Author(s): Antony Beevor
The Second World War began in August 1939 on the edge of Manchuria and ended there exactly six years later with the Soviet invasion of northern China. The war in Europe appeared completely divorced from the war in the Pacific and China, and yet events on opposite sides of the world had profound effects. Using the most up-to-date scholarship and research, and writing with clarity and compassion, Beevor assembles the whole picture in a gripping narrative that extends from the North Atlantic to the South Pacific, from the snowbound steppe to the North African Desert, to the Burmese jungle, SS Einsatzgruppen in the borderlands, Gulag prisoners drafted into punishment battalions, and to the unspeakable cruelties of the Sino-Japanese War. Moral choice forms the basis of all human drama, and no other period in history has presented greater dilemmas both for leaders and ordinary people, nor offered such examples of individual and mass tragedy, the corruption of power politics, ideological hypocrisy, the egomania of commanders, betrayal, perversity, self-sacrifice, unbelievable sadism and unpredictable kindness. Although filling the broadest canvas on a heroic scale, Beevor's THE SECOND WORLD WAR never loses sight of the fate of the ordinary soldiers and civilians whose lives were crushed by the titanic forces unleashed in this, the most terrible war in history.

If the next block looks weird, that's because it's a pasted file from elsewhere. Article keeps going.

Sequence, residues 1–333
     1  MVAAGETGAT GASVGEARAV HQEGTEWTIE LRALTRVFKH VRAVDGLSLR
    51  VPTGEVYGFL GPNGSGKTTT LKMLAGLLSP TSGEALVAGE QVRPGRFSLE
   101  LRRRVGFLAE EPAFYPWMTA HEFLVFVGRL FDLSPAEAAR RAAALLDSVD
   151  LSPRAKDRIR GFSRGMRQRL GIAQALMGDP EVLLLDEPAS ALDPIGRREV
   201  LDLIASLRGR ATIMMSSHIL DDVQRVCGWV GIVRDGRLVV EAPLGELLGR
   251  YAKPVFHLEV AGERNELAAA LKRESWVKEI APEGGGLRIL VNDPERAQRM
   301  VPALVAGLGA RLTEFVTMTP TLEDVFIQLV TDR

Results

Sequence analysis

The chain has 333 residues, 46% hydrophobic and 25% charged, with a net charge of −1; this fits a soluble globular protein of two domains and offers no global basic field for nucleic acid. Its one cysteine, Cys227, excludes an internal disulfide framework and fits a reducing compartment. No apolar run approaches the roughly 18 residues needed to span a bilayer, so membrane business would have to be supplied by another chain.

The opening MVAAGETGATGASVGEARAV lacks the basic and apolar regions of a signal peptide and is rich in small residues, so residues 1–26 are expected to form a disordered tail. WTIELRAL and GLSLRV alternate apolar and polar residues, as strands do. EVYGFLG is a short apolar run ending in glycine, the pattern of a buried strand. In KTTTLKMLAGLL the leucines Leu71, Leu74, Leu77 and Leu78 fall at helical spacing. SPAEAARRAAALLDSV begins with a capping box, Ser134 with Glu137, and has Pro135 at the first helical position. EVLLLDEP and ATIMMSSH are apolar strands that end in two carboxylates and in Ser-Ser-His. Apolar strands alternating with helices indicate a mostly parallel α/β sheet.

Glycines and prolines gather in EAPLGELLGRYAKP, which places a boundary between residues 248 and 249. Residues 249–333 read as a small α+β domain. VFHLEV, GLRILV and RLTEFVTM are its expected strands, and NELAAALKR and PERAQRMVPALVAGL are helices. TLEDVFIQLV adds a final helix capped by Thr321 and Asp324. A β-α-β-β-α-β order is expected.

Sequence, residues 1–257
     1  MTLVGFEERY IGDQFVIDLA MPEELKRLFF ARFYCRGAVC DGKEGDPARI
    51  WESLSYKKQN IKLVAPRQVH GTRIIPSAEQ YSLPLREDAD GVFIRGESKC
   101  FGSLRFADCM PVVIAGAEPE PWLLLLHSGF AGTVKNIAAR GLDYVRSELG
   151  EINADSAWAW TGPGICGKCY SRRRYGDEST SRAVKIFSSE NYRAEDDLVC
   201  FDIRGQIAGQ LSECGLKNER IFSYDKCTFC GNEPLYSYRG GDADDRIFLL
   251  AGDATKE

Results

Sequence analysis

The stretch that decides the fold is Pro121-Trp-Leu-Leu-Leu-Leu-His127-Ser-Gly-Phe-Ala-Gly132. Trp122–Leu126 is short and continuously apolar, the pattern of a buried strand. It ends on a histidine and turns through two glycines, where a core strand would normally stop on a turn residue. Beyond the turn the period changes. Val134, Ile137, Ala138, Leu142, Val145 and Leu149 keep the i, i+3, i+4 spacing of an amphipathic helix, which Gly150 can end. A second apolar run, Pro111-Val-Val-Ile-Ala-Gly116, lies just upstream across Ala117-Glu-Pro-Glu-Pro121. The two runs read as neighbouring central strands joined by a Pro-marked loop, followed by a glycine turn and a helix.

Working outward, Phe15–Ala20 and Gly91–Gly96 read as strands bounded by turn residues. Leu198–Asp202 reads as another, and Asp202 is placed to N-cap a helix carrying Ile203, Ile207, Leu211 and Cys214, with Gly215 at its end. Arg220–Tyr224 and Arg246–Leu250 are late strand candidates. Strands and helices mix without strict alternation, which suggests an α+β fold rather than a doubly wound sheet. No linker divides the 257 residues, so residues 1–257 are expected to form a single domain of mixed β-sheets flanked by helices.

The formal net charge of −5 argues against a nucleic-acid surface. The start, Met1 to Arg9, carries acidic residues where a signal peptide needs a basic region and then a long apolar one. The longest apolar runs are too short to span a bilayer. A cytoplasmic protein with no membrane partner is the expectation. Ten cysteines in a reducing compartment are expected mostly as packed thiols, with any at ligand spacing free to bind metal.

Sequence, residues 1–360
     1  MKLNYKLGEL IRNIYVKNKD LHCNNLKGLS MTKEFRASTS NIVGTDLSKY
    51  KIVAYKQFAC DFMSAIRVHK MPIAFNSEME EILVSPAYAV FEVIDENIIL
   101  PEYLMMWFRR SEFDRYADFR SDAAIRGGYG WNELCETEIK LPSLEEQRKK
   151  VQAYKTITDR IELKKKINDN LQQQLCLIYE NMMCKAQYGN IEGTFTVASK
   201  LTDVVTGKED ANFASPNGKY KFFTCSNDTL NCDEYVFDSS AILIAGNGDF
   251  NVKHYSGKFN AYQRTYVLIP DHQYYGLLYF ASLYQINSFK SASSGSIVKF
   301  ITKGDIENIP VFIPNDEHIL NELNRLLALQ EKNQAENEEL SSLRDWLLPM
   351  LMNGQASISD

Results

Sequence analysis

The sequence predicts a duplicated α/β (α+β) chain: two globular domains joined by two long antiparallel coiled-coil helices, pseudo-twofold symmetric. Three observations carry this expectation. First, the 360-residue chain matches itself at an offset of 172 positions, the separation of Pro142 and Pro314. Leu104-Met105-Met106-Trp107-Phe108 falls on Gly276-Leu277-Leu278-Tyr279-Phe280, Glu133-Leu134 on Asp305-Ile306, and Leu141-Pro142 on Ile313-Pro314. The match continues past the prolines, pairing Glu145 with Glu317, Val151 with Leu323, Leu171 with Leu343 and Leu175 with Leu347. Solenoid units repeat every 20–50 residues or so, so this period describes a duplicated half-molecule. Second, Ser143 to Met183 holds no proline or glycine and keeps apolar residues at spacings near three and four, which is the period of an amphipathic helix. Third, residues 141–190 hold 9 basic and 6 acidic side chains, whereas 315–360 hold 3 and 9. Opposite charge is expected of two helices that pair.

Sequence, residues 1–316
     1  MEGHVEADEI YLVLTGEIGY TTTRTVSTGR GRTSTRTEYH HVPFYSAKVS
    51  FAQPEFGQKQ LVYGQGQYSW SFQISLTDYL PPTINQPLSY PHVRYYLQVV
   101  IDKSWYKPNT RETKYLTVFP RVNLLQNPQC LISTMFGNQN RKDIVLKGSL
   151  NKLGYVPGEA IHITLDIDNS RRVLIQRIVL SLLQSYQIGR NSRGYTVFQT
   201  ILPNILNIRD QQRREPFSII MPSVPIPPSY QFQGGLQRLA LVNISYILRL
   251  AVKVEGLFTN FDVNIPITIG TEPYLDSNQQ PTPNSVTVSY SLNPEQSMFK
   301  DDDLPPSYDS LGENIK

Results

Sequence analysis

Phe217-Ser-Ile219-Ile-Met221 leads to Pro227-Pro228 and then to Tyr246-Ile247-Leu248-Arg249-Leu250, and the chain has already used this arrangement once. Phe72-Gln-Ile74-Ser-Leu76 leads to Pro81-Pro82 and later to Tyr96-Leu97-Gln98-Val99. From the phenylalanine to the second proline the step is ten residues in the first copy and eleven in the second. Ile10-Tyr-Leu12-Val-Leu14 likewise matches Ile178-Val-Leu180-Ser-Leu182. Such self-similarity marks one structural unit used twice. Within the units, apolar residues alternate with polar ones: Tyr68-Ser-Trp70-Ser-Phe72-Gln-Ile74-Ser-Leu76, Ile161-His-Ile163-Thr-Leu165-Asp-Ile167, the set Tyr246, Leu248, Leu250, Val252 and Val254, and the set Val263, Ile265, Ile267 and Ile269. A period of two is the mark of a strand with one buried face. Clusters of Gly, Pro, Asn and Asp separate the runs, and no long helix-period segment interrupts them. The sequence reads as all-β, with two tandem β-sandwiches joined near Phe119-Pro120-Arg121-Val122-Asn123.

A magisterial, single-volume history of the greatest conflict the world has ever known by our foremost military historian
His singular ability to make huge historical events accessible to a general audience recalls the golden age of British narrative history, whose giants include Gibbon, Macaulay and Carlyle. -- Boyd Tonkin The Independent Beevor can be credited with single-handedly transforming the reputation of military history. -- David Edgar Guardian A truly outstanding historian of war. -- Michael Howard Standpoint A British historian of great distinction and range, who ... demonstrates his mastery of his sources. -- Gordon Craig New York Review of Books
Antony Beevor served as a regular officer in the 11th Hussars in Germany. He is the author of Crete, which won a Runciman Prize; Paris After the Liberation (written with his wife, Artemis Cooper); Stalingrad, which won the Samuel Johnson Prize, the Wolfson Prize for History and the Hawthornden Prize for Literature; Berlin - The Downfall, which received the first Longman-History Today Award; The Battle for Spain; and, most recently, D-Day which received the RUSI Westminster Medal. His books have appeared in 30 languages and sold five million copies.